“A small girl told us a story. We looked at it, turned it over a few times, and decided she was credible. In retrospect, sure we could have done more investigating, but once we had an indication that something was amiss, we went back and vigorously reported the story,” Duggan says.

Duggan and Managing Editor Robert Kaiser credited themselves with doing the footwork to finally print the truth about Latia. All they really did, though, was pick up the phone: The person who actually drove the car—an emergency room technician—came back to town and told them they were printing fairy tales.

The make-good story that resulted may have been “vigorously reported,” but it was mendaciously rendered. Latia was front-page news when she was riding the crest of a Post-inspired wave of coverage back on June 11, but the minor fact that she made it all up was tucked at the bottom of Metro with a headline asking, “A Story Too Good to Be True?” Well, yes, it clearly was, and by the way, what’s up with the question mark? How about “Post Story of 7-Year-Old Driver Was a Total Fabrication,” instead? Doesn’t quite scan so nicely, does it? Many people I called about the story had no idea that it was eventually smashed flat, a tribute to the disingenuous packaging and placement.

The piece revealing the hoodwinkery was not a correction by any stretch, just so much featurized butt-covering, replete with cute little interruptives like “a story to make you smile” and “a story to amaze you.” Clearly written by committee to dig out of a deep hole, the piece laid the blame on a fanciful kid with an overactive imagination. Since the woman who actually drove the man to the hospital had left town, the story implied, Latia was able to tell tales to her heart’s content. Nowhere in the post-mortem was any indication of how a 7-year-old got over on a big metropolitan newspaper.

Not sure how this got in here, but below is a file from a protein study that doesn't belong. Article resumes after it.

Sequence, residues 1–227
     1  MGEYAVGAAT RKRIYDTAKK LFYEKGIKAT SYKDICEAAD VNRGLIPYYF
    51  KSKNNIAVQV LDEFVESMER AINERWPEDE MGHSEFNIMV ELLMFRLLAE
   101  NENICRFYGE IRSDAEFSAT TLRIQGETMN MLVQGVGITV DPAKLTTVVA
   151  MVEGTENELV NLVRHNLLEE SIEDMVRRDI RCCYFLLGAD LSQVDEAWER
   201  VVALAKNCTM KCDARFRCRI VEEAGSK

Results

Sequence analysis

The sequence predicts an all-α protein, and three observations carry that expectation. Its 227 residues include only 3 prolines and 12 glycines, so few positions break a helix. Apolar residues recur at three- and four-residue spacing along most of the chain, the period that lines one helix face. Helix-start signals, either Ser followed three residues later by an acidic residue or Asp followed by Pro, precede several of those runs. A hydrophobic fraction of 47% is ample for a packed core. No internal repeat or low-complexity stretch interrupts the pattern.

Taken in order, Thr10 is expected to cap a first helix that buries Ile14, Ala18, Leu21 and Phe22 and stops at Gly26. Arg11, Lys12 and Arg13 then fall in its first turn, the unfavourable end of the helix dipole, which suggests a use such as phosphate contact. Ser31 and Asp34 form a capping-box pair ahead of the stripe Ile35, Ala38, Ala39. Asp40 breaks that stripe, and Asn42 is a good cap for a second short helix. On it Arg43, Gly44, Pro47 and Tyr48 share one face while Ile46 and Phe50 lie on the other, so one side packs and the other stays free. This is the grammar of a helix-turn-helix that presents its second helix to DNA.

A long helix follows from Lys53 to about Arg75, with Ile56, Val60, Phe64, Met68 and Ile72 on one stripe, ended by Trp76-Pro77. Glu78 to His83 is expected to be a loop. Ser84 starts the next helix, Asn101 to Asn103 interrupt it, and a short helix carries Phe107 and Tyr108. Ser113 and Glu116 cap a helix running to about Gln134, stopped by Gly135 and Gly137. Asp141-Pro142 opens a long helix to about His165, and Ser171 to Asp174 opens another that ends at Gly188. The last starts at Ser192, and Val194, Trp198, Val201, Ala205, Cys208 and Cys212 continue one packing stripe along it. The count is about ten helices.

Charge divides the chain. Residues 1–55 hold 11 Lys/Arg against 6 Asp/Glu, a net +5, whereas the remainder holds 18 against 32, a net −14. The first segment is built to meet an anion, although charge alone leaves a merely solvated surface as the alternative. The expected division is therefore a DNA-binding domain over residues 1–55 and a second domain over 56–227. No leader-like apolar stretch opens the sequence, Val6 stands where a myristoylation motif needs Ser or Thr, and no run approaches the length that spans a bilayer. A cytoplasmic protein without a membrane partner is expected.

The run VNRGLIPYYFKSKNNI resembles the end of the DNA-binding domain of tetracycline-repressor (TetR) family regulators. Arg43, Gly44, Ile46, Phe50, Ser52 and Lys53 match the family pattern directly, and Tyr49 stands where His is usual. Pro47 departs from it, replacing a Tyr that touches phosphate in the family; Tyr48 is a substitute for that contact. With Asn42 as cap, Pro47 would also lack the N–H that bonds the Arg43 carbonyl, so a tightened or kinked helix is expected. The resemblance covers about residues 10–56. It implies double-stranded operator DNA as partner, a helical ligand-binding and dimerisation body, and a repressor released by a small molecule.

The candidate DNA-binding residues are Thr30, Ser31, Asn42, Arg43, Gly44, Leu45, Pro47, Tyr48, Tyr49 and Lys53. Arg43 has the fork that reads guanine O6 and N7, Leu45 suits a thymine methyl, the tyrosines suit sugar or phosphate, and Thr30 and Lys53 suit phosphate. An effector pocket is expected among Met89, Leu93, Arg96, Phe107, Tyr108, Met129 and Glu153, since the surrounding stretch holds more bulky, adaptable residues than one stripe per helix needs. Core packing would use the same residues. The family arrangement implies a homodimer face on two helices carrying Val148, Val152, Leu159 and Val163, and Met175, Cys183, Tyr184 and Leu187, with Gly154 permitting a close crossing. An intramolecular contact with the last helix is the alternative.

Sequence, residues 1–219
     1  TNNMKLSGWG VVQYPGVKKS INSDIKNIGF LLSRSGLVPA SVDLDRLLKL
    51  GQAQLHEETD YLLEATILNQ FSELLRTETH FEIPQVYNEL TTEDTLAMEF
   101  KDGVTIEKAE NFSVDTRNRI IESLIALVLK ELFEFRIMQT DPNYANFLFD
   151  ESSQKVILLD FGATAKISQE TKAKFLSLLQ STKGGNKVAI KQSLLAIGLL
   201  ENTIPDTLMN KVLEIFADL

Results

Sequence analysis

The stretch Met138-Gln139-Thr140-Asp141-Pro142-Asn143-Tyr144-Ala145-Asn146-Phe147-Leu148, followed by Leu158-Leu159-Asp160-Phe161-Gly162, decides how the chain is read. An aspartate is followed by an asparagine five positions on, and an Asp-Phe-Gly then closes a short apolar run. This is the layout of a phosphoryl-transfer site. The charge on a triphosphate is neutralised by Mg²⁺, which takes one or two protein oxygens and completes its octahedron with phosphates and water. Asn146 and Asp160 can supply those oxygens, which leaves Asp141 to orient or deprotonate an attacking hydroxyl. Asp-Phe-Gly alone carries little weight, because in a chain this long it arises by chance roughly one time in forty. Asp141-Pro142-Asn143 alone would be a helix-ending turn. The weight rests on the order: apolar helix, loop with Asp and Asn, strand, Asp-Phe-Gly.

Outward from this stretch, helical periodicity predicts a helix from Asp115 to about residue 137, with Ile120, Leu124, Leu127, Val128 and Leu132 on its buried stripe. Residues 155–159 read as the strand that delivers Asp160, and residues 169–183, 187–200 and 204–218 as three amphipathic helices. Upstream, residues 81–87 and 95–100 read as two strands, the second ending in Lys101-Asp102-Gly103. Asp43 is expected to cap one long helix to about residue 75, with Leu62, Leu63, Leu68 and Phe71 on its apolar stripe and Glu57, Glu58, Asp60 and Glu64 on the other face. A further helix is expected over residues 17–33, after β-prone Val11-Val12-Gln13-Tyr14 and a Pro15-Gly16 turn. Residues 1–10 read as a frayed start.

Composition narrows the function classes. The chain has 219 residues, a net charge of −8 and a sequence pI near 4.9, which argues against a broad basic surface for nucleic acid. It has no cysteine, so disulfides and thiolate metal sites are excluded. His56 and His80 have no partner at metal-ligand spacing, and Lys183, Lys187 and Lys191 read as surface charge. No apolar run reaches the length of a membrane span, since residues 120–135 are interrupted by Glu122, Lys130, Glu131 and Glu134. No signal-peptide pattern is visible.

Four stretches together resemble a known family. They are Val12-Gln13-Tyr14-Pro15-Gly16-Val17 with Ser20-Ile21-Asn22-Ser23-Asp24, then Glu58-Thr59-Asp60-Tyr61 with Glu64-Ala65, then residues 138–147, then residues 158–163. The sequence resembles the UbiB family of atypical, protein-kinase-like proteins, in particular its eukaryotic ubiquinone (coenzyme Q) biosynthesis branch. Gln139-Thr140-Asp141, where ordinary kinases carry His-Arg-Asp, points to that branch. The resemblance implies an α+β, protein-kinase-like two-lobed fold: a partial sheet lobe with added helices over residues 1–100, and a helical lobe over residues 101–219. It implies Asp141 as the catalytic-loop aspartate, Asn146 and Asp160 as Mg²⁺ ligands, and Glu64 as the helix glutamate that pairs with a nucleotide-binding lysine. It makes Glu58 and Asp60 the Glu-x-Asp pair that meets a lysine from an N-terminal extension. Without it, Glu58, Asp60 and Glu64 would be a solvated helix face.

Kaiser pointed out that the initial story was very carefully worded. “We didn’t claim to have seen or known that she was driving. And we didn’t play it on the front page. We played it on the Metro.”

Which is where, I guess, the Post plays stories that may be a little less true. And if the paper had enough doubts about this holy-cow story to minimize its play, why not spend the shoe leather and time to make it right?

“In terms of how we treated [the story] once we found out that her claims were untrue, we saw no value in slamming a 7-year-old girl,” says Kaiser, who is now in his last week as managing editor.

Not everybody in the newsroom was impressed by the paper’s fixer-upper.

“I could see how it happened in the first place, but I wish our correction story had been a lot more about our own reporting,” says one staffer. “I think you should report on yourself when you screw up, and you should do it rigorously and not be so goddamn protective of your own people. If we knew someone else had done something like this, we would rake them over the coals.”

The need for unalloyed remediation seems all the more important given the amount of bounce the Post got out of the story. Duggan says it

wasn’t the Post’s problem if a bunch of other media outlets picked up a seemingly astonishing story on the strength of the paper’s substantial brand name.

“We didn’t seize on the story. We wrote a [small] story in Metro, and it took on a life of its own. I have no control over what other [media outlets] decided to seize on,” Duggan says.